What is the minimum speed that can be detected with this sensor? Is it possible to measure low speed such as 0.1 m/s ? I need to know about it's accuracy?

Regards
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written by Akiba, September 30, 2012
Its difficult to comment on its accuracy since I haven't used it in such a low speed application. For 0.1m/sec, it should be fine though. 0.1 m/sec is .36 km/hr which is about a walking pace. I don't think it would have any problems with that speed. The microcontroller would need to have enough precision in its frequency counting algorithm to differentiate it, but that should also be no problem.
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when will the sensor be available?
written by reginald, August 28, 2013
hi,akiba. i am interested in purchasing 24ghz radar speed sensor, can you inform me when new stocks arrived in your company and what modes of payment are you entertaining? thanks in advance.
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i saw ur project like it very very much,pls give ur contect .no. i want to buy it
written by ameet, January 20, 2014
nice project
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written by ameet srivastava, September 27, 2014
respected sir
i had requst for ur cell no on jan. 2014 but still not got .i m doing a project on same pls respond me
with regars
ameet
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Discuss (4 posts)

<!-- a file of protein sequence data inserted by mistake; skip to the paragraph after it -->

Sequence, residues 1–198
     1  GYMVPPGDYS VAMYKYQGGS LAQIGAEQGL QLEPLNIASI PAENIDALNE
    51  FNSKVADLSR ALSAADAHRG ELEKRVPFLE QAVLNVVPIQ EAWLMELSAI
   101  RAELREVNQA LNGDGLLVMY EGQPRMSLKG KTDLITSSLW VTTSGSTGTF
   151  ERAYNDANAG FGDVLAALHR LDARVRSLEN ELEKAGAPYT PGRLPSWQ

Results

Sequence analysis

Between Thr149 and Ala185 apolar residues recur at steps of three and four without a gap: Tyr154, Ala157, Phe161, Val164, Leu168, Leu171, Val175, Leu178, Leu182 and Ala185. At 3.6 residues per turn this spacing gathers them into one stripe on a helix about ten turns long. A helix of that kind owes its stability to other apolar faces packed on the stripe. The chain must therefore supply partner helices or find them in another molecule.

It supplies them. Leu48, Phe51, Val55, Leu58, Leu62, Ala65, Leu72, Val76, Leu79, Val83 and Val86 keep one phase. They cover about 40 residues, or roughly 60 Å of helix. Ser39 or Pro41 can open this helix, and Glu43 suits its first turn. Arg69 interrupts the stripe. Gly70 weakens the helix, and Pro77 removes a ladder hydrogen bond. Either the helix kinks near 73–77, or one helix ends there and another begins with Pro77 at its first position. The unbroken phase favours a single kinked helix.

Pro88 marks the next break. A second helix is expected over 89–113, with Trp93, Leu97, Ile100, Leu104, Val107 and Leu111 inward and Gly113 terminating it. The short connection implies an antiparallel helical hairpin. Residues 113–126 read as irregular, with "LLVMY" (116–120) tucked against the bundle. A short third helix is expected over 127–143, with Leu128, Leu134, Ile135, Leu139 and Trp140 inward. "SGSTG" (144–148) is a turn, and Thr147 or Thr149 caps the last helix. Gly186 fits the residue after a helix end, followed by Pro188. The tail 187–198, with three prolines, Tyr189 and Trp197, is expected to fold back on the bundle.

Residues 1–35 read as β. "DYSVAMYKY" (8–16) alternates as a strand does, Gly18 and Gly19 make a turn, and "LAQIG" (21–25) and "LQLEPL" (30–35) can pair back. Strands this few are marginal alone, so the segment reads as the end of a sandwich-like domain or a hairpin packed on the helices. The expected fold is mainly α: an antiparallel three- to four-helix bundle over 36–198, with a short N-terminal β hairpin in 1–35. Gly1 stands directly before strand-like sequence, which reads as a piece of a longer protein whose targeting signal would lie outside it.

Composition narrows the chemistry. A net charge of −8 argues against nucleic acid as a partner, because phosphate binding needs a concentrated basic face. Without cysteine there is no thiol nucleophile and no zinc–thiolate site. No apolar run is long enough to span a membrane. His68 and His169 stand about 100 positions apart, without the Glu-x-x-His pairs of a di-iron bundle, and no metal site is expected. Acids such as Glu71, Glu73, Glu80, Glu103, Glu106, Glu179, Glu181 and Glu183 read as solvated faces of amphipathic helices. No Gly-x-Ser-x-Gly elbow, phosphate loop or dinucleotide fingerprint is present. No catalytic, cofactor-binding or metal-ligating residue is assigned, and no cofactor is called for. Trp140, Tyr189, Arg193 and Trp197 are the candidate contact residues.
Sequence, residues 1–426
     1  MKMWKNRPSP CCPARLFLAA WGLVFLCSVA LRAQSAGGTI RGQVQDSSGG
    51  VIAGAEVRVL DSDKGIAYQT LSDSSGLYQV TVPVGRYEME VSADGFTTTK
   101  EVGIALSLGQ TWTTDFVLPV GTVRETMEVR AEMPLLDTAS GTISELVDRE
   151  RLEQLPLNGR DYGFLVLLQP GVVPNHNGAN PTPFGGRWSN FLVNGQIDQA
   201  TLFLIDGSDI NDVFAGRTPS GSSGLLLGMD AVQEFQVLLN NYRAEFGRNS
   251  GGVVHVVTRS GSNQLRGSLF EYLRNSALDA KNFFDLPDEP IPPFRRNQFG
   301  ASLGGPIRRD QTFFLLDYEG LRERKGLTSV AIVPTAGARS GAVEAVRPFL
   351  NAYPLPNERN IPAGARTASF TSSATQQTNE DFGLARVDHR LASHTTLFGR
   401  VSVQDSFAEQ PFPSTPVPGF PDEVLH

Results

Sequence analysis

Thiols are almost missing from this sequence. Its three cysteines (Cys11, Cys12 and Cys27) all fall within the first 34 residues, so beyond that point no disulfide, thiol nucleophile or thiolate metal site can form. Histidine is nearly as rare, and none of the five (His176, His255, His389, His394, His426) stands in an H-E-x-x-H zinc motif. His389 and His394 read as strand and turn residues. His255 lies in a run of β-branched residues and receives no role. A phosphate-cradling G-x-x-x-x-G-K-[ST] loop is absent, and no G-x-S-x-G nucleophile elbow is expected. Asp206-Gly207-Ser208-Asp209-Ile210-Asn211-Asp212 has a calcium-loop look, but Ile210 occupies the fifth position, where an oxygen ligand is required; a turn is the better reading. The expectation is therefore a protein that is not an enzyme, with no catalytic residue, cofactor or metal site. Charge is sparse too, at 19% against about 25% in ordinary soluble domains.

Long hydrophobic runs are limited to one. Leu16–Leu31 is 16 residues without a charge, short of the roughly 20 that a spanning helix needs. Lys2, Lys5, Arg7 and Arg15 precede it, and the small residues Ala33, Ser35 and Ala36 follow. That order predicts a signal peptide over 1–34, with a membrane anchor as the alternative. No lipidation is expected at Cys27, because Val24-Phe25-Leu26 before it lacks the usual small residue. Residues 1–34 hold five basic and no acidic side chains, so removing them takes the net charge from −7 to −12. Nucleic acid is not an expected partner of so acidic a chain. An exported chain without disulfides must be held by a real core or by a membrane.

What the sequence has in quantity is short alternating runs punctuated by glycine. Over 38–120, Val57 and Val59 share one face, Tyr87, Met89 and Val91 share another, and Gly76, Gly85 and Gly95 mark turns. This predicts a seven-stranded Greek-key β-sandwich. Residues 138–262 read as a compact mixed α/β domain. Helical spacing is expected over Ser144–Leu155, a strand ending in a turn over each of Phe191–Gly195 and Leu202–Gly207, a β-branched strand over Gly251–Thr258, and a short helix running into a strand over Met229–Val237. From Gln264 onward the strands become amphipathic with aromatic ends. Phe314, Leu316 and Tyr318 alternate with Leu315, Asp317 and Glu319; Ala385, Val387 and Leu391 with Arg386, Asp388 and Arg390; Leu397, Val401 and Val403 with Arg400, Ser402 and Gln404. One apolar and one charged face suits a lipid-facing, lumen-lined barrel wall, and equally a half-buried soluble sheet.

walou
Fun with 24 GHz Radar Speed Sensors
Nov 05 2011 15:59:45
This thread discusses the Content article: Fun with 24 GHz Radar Speed Sensors

thank you for tuto .
But this sensor can be used in detection of speed of cars ,like in a speed camera fix ?
please responde me because i work on this project .
thank you
#3420

Akiba
Re:Fun with 24 GHz Radar Speed Sensors
Nov 06 2011 03:31:05
Yes, the sensor can be used to sense car speed as long as the car is heading towards or away from the sensor.
#3423
David
Re:Fun with 24 GHz Radar Speed Sensors
Nov 11 2011 17:37:59
hi. your tutorial is super. The price of your sensor is good. These other sensors on the market are so expensive for us students.

l Have to do a project involving Radar sensors to determine RANGE/Distance of an obstacle to a car. At each range there must be an Audio/Visual warning output with intensity related to nearness of obstacle to vehicle.

THE OBSTACLE WILL ALWAYS BE IN FRONT OF CAR

Can you explain to me in detail how l will use your sensor to determine the range.

l am now basing my project on your sensor because l can afford it.
Thanks
#3445

Akiba
Re:Fun with 24 GHz Radar Speed Sensors
Nov 12 2011 02:40:12
The if the object is heading towards you (or conversely you're heading towards the object), then the frequency of the sine wave will indicate speed. The amplitude will indicate distance. The higher the amplitude, the stronger the signal and hence the closer the object.
#3446